AND THE WINNER SHOULD BE…
Our theater writer dishes on who is really Tony-worthy this year.
FOR 10 OR SO YEARS, I was a Tony Award voter—a privilege that I took seriously. Very seriously. My choices weren’t always in sync with those of my fellow voters (members of the press, producers and industry insiders), but that was OK: I voted as I saw fit. Now, as an interested theatergoer free of all Tony obligations, I judge a Broadway play or musical not only on the basis of its artistic merits but also on how much bang for the buck it delivers. So, as the awards gala on June 11 at Radio City Music Hall nears, let me put on my Tony voter hat again. These are the shows and artists that, I believe, should win a Tony. More importantly, these are the shows and artists from the 2016–17 season that—win, lose or draw—deserve your time and dime.
But first, an observation. When the Tony nominations were announced on May 2, shock waves of disappointment could be felt from one end of the Theater District to the other. My main beefs? The total absence of recognition for “A Bronx Tale” and the dismissal of “Anastasia” and “Bandstand” with only two nods each. These are musicals with proven crowd appeal (standing ovations at every performance) and songs that, in a melodically unmemorable season, audiences walk out humming. They should have been contenders.
Those shows that are in the running for Best Musical—“Come From Away,” “Dear Evan Hansen,” “Groundhog Day” and “Natasha, Pierre & the Great Comet of 1812” (with the season’s longest title and most nominations, 12)—are a mixed bag. This category usually draws the greatest attention, and certainly there is something for every theatergoer in this year’s nominees.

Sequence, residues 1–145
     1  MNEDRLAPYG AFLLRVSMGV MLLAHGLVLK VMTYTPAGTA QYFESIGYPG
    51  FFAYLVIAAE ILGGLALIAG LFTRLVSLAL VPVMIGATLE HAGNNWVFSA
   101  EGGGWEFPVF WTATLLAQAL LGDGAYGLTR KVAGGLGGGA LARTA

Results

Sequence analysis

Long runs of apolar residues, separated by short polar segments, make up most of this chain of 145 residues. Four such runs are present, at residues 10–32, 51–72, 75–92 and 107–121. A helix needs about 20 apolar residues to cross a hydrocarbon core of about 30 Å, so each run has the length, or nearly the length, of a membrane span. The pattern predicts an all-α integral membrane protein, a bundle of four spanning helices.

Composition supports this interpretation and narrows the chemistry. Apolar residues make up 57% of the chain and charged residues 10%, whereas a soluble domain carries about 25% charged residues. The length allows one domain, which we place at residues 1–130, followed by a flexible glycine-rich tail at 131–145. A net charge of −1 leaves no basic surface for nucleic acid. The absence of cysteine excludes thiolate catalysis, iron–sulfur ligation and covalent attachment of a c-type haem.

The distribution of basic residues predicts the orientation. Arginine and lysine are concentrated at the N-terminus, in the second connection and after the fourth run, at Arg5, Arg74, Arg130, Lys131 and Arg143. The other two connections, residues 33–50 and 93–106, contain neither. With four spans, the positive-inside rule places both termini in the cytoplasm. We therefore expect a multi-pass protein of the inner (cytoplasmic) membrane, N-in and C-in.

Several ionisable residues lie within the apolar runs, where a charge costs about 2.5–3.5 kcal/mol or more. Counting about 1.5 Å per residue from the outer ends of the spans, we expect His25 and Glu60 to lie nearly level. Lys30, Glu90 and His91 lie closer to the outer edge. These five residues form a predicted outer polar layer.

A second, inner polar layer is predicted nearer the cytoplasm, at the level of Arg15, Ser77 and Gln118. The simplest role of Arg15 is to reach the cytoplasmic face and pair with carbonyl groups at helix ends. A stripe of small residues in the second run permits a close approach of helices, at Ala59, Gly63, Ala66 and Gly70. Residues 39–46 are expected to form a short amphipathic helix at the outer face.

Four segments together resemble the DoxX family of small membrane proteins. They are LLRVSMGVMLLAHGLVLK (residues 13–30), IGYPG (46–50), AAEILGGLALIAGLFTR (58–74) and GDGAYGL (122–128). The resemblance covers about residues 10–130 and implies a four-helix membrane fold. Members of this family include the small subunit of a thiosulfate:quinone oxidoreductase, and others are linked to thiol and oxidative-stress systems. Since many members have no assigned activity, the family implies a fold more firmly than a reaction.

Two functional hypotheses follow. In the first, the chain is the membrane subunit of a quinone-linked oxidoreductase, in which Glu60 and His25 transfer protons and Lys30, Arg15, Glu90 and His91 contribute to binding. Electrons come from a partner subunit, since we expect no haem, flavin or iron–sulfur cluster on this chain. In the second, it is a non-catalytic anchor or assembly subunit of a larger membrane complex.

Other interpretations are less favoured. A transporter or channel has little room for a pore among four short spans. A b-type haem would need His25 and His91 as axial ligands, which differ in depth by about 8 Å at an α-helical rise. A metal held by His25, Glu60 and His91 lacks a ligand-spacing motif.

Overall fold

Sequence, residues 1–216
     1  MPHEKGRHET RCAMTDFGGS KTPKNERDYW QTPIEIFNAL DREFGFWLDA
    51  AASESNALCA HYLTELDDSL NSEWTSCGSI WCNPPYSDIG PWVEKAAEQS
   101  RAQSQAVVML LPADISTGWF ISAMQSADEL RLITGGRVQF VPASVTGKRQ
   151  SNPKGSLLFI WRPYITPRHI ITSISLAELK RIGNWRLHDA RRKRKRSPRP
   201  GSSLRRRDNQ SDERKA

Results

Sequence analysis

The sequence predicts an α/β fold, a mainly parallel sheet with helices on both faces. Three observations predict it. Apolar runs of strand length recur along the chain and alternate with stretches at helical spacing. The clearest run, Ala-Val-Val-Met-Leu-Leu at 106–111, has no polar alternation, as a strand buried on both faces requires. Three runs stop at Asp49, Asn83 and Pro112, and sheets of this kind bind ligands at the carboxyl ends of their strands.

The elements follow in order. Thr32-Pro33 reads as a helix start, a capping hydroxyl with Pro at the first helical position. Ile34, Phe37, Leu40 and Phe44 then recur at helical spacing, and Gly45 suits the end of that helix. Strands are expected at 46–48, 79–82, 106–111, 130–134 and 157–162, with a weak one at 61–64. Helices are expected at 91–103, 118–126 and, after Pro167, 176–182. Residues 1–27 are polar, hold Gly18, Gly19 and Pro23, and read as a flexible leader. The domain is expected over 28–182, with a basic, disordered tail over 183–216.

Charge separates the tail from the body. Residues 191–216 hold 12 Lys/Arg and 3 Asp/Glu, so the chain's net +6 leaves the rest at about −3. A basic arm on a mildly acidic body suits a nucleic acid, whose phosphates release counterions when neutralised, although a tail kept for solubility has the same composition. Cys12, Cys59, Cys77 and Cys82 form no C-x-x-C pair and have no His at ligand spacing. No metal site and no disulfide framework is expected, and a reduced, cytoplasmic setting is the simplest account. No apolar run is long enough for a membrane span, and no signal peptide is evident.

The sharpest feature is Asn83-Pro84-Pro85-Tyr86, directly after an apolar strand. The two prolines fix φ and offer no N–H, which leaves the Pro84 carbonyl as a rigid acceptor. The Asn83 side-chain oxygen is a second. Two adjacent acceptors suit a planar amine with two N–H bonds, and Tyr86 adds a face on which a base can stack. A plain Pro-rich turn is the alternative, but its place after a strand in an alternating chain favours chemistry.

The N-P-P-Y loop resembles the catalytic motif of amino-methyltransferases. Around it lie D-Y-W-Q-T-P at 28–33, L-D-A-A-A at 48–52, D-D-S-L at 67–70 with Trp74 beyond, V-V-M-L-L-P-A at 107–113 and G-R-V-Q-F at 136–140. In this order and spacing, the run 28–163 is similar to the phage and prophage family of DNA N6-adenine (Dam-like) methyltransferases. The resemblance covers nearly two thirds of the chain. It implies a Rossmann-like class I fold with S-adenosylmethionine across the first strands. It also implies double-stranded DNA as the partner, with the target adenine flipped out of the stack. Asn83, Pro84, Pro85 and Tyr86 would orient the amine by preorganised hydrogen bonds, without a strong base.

“The Great Comet,” a sweeping, romantic spectacle derived from Tolstoy’s “War and Peace,” makes capital of its literary credentials. “Groundhog Day” is a clever, fast-paced adaptation of a popular movie, featuring a magnetic performance by Andy Karl that puts him in the first rank of leading men. Karl should take home the Tony for Best Actor in a Musical. Millennials, if not always their elders (like me), enthusiastically embrace “Dear Evan Hansen,” the Great White Way’s first social-media musical.
As to “Come From Away,” it is the sleeper hit of the season. Fluidly staged, economic in its construction and consummately performed, the show is an unlikely musical. The plot follows planeloads of travelers, who are rerouted on 9/11 to a remote part of Canada, where they pick up the pieces of their lives with the help of sympathetic and generous locals. The authors have based their characters on real-life people, focusing the narrative perhaps too narrowly on obvious stereotypes among the stranded passengers—the bickering gay couple, the rabbi, the Muslim, the romantic middle-aged twosome, the first female captain of a U. S. airline. But the cumulative effect is a resounding and joyous affirmation of the resilience of the human spirit. By the finale, the theater is awash in feel-good tears. This show gets my vote.
So does Lynn Nottage’s “Sweat,” in spite of fierce competition from “A Doll’s House, Part 2,” “Indecent” and “Oslo” in the Best Play category. Rarely does elitist Broadway hold the mirror up to how the other half— America’s working class—lives. “Sweat” is that wake-up call: a realistic, gut-wrenching, no-holds-barred, compassionate look at how Pennsylvania factory workers fall victim to circumstances beyond their control. Nottage’s dialogue crackles as delivered by an exemplary cast, whose work proves that the time is long overdue for the Tonys to initiate an award for Best Ensemble. Until then, Michelle Wilson and Johanna Day have been singled out from the cast and are up against each other for Best Featured Actress in a Play honors. If it were up to me, they would share the award. Inexplicably, Kate Whoriskey, the play’s peerless coordinator, has been denied a Best Director nom. Shame on the nominating committee.
In life, two things are certain: death and taxes. On Broadway, there is a third certainty: Bette Midler. The Divine Miss M is a shoo-in to win the 2017 Tony as Best Actress in a Musical for her turn in “Hello, Dolly!” Thanks to reams of critical acclaim, an outpouring of public affection and millions of dollars generated in ticket sales, the wind is beneath her wings. She will ascend to Mount Olympus on Tony night.
(From top) Jenn Colella and the cast of “Come From Away;” Andy Karl in “Groundhog Day;” Michelle Wilson (standing) and Johanna Day in “Sweat.”